thou eatest thereof thou shatt surely die. — Now we assert, that, because there was only a single restriction, joined to the circumstances of such unlimited bounty in every other respect, the guilt of the transgression is to be measured, not by the prohibition, but by the incalculable amount rf those innumerable instances ofetffoyment which were freely bestowed and permitted. This is ih^ only rational mode by which to estimate the guilt of the transgressor; and thus it is estimated among m^n. A benefactor, or a master, estimates the breach of a positive com*, mand, not by a comparison with the command itself, but by a comparison with the tMny
286 SERMON XIX.
benefits and favours which he had conferred upon the transgressor. He does this even in the case of many other commands which have never b^en violated ; how much more, then, in the instance where only a single commandment
had been issued, and which therefore could admit of but a su^le transgression ? Hence the eating of the fruit of the tree of knowledge, the solitary transgression of our first parents, aggravates their guilt exactly in proportion to the number of benefits bestowed upon them freely to enjoy. They were confessedly innumerable ; they exceeded the possibility, the bounds of calculation: therefore the aggravation of their guilt was incalculable.
Besides, their obedience was connected with their personal advantage ; and their disobedience with their ruin ; and this connection was a necessary one : life and happiness continued with obedience ; death and misery were the immediate results of the act of disobedience. ~ Nothing can be more determinate than the declaration. In the day thou eatest thereof thou shalt surely die: which furnishes another argument against those infidel objectors. The expression, in the day, is a limiting expression, confining the fact to that very day. In this sense it is constantly used ; which is here em11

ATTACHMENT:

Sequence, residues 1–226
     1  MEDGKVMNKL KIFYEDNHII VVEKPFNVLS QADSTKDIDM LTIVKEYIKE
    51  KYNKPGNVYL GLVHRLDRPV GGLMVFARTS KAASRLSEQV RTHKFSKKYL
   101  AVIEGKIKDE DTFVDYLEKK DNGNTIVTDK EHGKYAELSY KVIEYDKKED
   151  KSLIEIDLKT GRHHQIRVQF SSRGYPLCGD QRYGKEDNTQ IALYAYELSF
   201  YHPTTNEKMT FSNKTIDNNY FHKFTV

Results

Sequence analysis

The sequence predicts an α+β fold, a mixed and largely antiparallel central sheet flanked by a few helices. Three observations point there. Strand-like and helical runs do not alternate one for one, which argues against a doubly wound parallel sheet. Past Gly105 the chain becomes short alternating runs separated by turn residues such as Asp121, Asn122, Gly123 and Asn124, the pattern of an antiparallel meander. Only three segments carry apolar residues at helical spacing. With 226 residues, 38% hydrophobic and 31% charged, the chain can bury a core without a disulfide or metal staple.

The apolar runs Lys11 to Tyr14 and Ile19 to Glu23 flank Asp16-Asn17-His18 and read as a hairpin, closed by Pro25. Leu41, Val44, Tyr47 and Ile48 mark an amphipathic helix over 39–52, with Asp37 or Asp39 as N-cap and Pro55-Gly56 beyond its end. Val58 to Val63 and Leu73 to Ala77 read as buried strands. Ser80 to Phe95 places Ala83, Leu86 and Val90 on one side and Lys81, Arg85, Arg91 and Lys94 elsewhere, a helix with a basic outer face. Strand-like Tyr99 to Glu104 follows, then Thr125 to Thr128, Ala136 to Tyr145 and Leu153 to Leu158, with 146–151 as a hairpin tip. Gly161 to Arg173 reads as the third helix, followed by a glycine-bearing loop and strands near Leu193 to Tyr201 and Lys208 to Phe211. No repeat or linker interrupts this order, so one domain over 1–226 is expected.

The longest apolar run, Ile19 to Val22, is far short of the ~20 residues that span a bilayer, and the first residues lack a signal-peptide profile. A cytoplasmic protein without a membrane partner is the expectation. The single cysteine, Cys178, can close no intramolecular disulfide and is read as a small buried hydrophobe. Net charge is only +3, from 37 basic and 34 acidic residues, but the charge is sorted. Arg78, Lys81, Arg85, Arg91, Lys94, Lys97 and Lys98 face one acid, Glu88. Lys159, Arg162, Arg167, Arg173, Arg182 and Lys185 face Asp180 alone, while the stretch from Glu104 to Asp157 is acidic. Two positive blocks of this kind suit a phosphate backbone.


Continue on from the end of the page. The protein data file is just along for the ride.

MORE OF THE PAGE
phatically pointed out; and which is farthet
ON :roHN i. 20. 287
confirmed by many parallel passages, too numerous to introduce in this discourse. Hence the death threatened was spiritual death. On eating the forbidden fruit, immediately their eyes were opened^ and they knew that they were naked : even according to the declaration of the serpent ; For God doth know that in the day ye eat thereof your eyes shall be opened — that is, closed to good, opened to satan ; blinded to light, opened to the darkness of the god of this world. Besides, the sentence of mortal death was first pronounced after the Fall, and in different language : In the sweat of thy face shalt thou eat bread, till thou return to the ground : for out of it wast thou taken ; for dust thou art, and unto dust shaU thou return. The sentence of mortal death is pronounced as yet future, even after the Fall; whereas the death threatened is em12
phatically connected with the very day of transgression, on giving the command, In the day thou eatest thereof thou shalt surely die. And that this relates only to spiritual death, is further confirmed by the fact that Adam lived in the world nine hundred and thirty years before he suffered mortal death.